The term Education especially implies, by its etymology, that character in the studies of the rising generation which I have attempted to describe: namely, that these studies draw forth and unfold a portion of our common human nature. They educe the elements of the Humanity which we have within us. The studies and occupations of the young are not properly called Education, merely because they draw out something, without considering whether it is an attribute of the race, or an accident of the individual. Young persons may be so employed and so treated, that their caprice, their self-will, their individual tastes and propensities, are educed and developed; but this is not Education. It is not the Education of a Man; for what is educed is not that which belongs to man as man, and connects man with man. It is not the Education of a man's Humanity, but the Indulgence of his Individuality.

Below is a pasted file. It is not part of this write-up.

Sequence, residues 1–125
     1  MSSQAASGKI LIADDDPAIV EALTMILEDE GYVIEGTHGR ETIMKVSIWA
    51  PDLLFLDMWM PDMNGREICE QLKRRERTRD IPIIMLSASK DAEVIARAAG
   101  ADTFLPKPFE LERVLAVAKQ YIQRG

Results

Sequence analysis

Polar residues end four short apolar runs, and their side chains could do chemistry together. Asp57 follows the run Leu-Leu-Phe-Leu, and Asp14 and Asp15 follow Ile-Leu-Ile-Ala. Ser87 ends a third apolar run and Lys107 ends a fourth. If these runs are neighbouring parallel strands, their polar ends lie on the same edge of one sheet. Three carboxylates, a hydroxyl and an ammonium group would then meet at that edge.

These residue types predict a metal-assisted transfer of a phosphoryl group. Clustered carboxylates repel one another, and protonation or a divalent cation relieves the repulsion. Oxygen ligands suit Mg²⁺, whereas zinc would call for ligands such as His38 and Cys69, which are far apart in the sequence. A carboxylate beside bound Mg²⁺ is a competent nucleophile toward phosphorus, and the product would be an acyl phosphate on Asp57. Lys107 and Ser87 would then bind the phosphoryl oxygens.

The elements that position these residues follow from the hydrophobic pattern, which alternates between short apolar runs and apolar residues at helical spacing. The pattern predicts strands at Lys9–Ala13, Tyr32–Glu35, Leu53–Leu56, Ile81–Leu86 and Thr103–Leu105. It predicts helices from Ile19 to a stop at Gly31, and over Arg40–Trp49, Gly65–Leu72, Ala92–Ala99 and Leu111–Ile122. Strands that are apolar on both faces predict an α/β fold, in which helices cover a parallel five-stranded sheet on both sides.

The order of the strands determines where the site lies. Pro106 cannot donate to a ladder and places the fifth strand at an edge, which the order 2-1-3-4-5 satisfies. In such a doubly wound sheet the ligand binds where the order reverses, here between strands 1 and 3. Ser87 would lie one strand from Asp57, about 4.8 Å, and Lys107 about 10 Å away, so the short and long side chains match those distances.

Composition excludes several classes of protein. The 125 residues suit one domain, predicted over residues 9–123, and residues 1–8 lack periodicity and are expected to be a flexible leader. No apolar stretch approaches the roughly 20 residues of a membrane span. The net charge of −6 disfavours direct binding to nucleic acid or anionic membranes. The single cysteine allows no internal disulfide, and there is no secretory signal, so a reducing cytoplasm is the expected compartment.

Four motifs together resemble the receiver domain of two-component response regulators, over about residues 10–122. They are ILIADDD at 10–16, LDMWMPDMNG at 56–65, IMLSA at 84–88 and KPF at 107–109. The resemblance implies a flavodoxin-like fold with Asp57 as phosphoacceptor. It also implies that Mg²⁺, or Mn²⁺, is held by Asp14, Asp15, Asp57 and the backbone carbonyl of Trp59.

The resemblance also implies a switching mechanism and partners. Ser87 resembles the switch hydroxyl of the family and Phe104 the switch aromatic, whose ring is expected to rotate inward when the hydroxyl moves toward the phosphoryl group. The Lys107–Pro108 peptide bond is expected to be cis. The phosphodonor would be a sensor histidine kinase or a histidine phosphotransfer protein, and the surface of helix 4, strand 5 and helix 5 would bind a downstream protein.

He notes in a footnote that the actual etymological history is somewhat obscure; but, of course, he is only using it as a way of building a vocabulary for making his point. One interesting thing about it is that there are a lot of educational philosophies which would not count as educational in Whewell's sense.